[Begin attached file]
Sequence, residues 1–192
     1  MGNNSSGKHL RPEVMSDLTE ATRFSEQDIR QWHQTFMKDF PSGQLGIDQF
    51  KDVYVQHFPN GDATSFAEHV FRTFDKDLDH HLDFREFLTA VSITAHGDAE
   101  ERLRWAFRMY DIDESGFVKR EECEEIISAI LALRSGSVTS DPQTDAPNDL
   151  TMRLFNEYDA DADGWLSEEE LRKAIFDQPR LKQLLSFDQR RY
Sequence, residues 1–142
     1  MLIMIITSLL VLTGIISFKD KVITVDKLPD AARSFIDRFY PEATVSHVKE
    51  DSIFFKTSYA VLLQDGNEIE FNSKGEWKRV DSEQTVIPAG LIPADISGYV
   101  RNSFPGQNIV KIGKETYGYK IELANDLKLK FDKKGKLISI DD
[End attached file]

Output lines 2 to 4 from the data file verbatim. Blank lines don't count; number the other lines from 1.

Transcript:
     1  MGNNSSGKHL RPEVMSDLTE ATRFSEQDIR QWHQTFMKDF PSGQLGIDQF
    51  KDVYVQHFPN GDATSFAEHV FRTFDKDLDH HLDFREFLTA VSITAHGDAE
   101  ERLRWAFRMY DIDESGFVKR EECEEIISAI LALRSGSVTS DPQTDAPNDL